“We both have just had such a journey with our skin care, and I think that’s one thing that we really, really bonded over,” said Vanessa Hudgens.
The actress, 32, was referring to singer — and now business partner — Madison Beer. The two have teamed to launch Know Beauty, a DNA-based skin care line out today on knowbeauty.com.
“I remember meeting her and then seeing her a ton on Instagram and being like, ‘This girl is so beautiful. It’s ridiculous,’” Hudgens went on. “And then hearing from her how her skin has been a struggle, and how she’s been dealing with acne, and how it’s been really hard being in front of the cameras — I’ve been in front of the cameras for so long, so it kind of felt like, ‘Hey, I got you.’”
If pop culture fans wouldn’t think to pair the duo together it’s simply because, born exactly a decade apart, they have yet to share the screen for a project in TV, film or music, nor have they been snapped side by side by the paparazzi. But they formed a friendship, it turns out, after meeting through Hudgens’ younger sister, 25-year-old fellow actress Stella.
“Stella was a really good friend of mine when I first moved to L.A., and Vanessa came and picked her up one time, and I was such a little fan girl,” chimed in Beer, 22, who moved to L.A. from the East Coast as a teen.
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Beer experienced fame overnight at just 13 in 2012, after Justin Bieber tweeted about her YouTube covers. Hudgens was well established as an actress by then; it was the year Harmony Korine’s “Spring Breakers” premiered at the Venice Film Festival, in which she co-starred with Selena Gomez. Hudgens’ big break had come six years prior, playing the female lead opposite Zac Efron in Disney’s “High School Musical.” Today, together, Hudgens and Beer have a combined 66.4 million followers on Instagram alone, 41.2 million of which are Hudgens’. Meanwhile on TikTok, Hudgens has 4 million fans, and Beer — a Gen Zer — has 14.7 million.
“I was so excited, and I’ve just always been a fan of hers,” continued Beer. “And, yeah, we just always saw each other out and about, but we never really knew each other. And then once we broke that barrier and actually, like, talked, we started talking about a bunch of stuff, but skin care came up pretty quickly. And it was clear that we both have gone through similar things, similar frustrations, and it led us here.”
Through the years, they each sought answers on their skin care needs, while building confidence as young women navigating the spotlight. While Beer struggled with acne, Hudgens had a hard time feeling comfortable in her skin without a full face of makeup.
“We’re in a day and age where everyone is comparing each other, especially with social media,” said Hudgens. “You’re seeing these images that are completely airbrushed and touched up, and that’s not real. People don’t really look like that. And the people who are looking similar to the way that they’re showing the world are spending a lot of money on God knows what.”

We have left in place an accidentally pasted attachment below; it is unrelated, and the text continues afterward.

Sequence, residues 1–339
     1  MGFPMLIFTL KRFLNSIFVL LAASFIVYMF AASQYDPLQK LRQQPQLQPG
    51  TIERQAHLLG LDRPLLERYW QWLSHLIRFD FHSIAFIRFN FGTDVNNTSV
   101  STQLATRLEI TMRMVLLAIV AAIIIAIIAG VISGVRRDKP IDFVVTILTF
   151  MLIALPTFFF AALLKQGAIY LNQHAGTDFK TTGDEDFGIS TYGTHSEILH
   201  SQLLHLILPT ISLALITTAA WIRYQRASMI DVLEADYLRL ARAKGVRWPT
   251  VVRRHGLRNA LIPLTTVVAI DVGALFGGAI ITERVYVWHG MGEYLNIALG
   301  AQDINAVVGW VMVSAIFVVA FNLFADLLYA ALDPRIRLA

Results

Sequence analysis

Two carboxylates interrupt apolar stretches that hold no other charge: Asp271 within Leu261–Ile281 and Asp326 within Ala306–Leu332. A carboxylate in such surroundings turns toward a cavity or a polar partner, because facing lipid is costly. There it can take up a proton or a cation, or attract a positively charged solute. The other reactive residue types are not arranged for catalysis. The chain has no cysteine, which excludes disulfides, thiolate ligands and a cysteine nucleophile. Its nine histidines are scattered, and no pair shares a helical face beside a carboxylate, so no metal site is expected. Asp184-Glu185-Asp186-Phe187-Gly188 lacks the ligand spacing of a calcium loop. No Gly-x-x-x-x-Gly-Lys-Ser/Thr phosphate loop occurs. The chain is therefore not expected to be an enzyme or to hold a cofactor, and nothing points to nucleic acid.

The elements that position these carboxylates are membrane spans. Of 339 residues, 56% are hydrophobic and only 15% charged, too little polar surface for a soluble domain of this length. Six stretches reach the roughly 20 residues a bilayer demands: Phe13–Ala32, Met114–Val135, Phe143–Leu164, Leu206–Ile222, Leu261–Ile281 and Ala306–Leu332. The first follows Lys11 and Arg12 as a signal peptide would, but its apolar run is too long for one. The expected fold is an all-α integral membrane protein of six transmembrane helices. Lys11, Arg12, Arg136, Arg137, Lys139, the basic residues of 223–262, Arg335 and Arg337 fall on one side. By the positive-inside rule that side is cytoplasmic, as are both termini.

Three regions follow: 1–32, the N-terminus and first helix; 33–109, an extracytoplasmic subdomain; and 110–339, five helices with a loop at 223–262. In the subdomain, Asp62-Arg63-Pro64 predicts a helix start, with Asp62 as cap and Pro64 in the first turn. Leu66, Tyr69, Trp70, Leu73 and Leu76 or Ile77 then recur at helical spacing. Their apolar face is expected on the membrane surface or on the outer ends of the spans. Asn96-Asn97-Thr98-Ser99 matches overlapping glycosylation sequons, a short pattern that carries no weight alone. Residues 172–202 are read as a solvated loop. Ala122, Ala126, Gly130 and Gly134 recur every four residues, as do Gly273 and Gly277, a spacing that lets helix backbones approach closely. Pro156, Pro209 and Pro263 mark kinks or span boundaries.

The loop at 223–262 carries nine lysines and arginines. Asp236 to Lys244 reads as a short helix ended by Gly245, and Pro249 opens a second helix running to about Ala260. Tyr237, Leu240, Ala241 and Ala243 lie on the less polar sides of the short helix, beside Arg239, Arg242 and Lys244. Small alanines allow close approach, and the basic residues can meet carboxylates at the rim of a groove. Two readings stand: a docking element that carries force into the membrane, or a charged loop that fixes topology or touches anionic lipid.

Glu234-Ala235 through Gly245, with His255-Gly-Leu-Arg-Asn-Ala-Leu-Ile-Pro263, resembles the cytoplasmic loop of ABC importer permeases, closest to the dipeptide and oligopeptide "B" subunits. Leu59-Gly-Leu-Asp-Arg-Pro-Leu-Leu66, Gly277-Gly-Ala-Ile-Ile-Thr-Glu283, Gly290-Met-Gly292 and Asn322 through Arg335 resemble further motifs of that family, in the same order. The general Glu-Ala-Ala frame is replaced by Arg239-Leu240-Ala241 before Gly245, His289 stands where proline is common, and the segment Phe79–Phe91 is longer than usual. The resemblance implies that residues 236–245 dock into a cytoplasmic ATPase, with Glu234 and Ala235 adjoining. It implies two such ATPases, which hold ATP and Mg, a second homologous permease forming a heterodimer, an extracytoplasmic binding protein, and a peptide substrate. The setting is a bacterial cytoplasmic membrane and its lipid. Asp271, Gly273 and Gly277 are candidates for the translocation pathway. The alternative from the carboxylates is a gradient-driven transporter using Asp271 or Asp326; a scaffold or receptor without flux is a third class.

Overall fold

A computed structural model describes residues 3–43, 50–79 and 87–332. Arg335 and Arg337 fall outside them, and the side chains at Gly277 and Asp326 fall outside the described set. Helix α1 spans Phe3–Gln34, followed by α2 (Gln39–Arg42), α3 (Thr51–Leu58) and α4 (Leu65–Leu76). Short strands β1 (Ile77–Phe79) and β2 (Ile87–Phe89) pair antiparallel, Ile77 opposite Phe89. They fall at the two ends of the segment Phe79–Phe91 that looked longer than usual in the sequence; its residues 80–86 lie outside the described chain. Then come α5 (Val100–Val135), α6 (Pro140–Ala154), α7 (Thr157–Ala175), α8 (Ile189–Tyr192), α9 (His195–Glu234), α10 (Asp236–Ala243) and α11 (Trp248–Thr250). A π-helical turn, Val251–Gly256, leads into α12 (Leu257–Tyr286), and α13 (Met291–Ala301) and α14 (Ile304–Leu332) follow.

“Social media is so fake that I feel like even just us two learning that the other was struggling was eye-opening, because I feel like we both probably had the idea about the other that, well, there’s no way that this person struggles with their skin or anything like that,” added Beer.
They cofounded the brand with dermatologist and chief medical officer Dr. Karen Kagha, who they met through mutual connections.
“We’re wanting to help people in their own journey, learn more about their skin and take the guesswork out of choosing their skin care products,” said Kagha. “And so, that’s what led to eventually coming up with the skin diagnostic test and pairing that with the skin DNA.”
They offer an online questionnaire, asking a range of questions to better understand an individual’s skin type and environmental factors, along with a $95 DNA kit — which is mailed to homes and tested by the DNA Diagnostics Center in Fairfield, Ohio. Based on results (after a cheek swab), the brand will recommend each buyer a personalized Know Beauty skin care regimen. Manufactured in Florida, it’s a comprehensive line, with cleansers, moisturizes, serums and masks priced between $20 and $30, that promises “hundreds of unique variations.”
“We are testing 46 chromosomes, and that gives us information in seven specific skin categories,” said Kagha. “So, that’s from UV protection to collagen to melanin, as well. Skin sensitivity is another category…We’re using those [“skin diagnostic”] questions specifically to help people understand where their skin is right now, what they can do for their skin right now, and we’re pairing that with the DNA test to help give people a little bit more information on what they’re prone to or what they can expect from their skin in the future.”
Each packaging, minimal and colorful, lists all ingredients used. Transparency, as well as accessibility, was of most importance, the women said.
“We wanted to join forces and create something that made it easy for girls like us or guys or whoever to be given the answers that they’ve been looking for, and how to actually take care of their personal skin, because everyone’s skin is different,” said Hudgens, who will next be seen in Lin-Manuel Miranda’s directorial debut, “Tick, Tick… Boom!” Beer, meanwhile, has been working on her sophomore album and getting ready to tour.
“When your skin looks great, you feel great,” Hudgens continued. “It’s something that we want everyone to be able to feel.”